“ELHO: The Age of Hostility”: An ERC-funded project on electoral hostility around the world
“ELHO – The Age of Hostility” is an ambitious, and innovative cross-methodological investigation into the rising phenomenon of electoral hostility around the democratic world. Why do so many people hold negative feelings towards those they believe vote differently from them? What are the psychological phases of hostility – from misunderstanding and frustration to contempt and hatred? What is the cycle of hostility when does it crystallise and deteriorate? And how can it be worsened or improved by legal, electoral, and political organisation and behaviour?
‘I hate Brexiteers, they betrayed my future’. Those words of an 18 year old on Brexit Referendum Night represent a growing and worrying phenomenon: electoral hostility. Electoral disagreements have long been seen as results of social divisions, but recent research shows that they have become a basis of antagonism in their own right in the US. Two comparative pilots I ran also found electoral hostility widespread in recent French and British elections but rare in South Africa and Australia. In the UK Brexit Referendum, 51% of citizens felt anger towards opposite voters and 46% disgust.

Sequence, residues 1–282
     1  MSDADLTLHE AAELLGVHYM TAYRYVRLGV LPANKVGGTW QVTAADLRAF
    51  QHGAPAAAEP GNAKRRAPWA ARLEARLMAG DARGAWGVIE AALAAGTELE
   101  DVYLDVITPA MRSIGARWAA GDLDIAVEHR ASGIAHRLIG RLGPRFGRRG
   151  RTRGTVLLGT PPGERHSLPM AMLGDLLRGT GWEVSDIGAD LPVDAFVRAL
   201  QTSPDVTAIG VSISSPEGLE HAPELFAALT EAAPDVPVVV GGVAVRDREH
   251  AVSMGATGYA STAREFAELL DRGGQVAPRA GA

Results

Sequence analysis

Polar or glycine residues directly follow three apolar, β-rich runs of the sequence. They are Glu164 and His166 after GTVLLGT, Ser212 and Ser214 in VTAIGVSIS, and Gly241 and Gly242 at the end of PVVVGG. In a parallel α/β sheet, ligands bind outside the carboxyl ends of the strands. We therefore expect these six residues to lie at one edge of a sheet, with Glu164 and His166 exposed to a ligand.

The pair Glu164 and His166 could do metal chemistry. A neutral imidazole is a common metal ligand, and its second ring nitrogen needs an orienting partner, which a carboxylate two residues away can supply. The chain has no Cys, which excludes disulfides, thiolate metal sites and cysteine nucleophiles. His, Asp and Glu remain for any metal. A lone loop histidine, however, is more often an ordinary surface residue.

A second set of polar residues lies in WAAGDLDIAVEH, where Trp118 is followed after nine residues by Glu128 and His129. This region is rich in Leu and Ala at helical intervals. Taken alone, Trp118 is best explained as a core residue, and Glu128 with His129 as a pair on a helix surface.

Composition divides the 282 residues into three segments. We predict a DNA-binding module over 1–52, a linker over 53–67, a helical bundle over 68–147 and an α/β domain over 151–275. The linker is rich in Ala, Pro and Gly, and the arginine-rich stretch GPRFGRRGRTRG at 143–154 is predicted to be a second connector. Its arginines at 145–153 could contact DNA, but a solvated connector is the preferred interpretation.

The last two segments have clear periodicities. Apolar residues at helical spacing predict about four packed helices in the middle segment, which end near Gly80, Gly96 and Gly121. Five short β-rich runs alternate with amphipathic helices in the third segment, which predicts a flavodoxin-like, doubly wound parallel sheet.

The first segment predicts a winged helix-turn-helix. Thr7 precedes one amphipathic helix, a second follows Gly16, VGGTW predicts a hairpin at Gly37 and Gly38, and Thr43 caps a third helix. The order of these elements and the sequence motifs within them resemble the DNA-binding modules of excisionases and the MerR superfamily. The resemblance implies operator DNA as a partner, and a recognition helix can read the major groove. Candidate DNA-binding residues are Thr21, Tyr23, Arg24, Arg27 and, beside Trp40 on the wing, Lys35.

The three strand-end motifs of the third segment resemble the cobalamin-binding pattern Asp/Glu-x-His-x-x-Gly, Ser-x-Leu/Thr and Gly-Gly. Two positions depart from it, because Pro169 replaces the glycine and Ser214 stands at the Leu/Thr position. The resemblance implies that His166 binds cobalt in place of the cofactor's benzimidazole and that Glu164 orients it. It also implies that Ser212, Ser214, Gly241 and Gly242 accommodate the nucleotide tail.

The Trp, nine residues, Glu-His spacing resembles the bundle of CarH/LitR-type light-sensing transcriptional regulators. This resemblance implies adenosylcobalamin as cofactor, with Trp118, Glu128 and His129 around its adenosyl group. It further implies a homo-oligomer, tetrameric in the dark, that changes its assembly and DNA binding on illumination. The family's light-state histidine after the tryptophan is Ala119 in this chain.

I define electoral hostility as negative feelings (frustration, anger, contempt, disgust) held towards individuals or groups as a result of their effective or perceived electoral preferences. It may occur in the campaign, post-election, and reinforce into self-perpetuating cycles of hostility as it is structured as a Mokken scale which can become ‘stages’ of hostility. While scepticism of political elites is well-studied, hostility towards fellow voters takes electoral negativity to a new level. Electoral hostility may have far reaching consequences, leading citizens to resent one another due to electoral stances and drift apart in increasingly divided societies, but also to the delegitimization of electoral outcomes and negative attitudes towards solidarity.
ELHO will answer the following research question: What are the causes and consequences of electoral hostility at individual, group, and aggregate levels and how does it develop over time? The project’s innovative methods combine a 27 country multi-level panel survey, visual, physiological and field experiments, election diaries, family focus groups, a scoping survey of Election Management Bodies, and campaign and atmosphere coding. The project will also explore possible mitigation in ambitious partnership with psychiatrists, ergonomists, lawyers, EMBs and IGOs creating a new Electoral Psychology Observatory.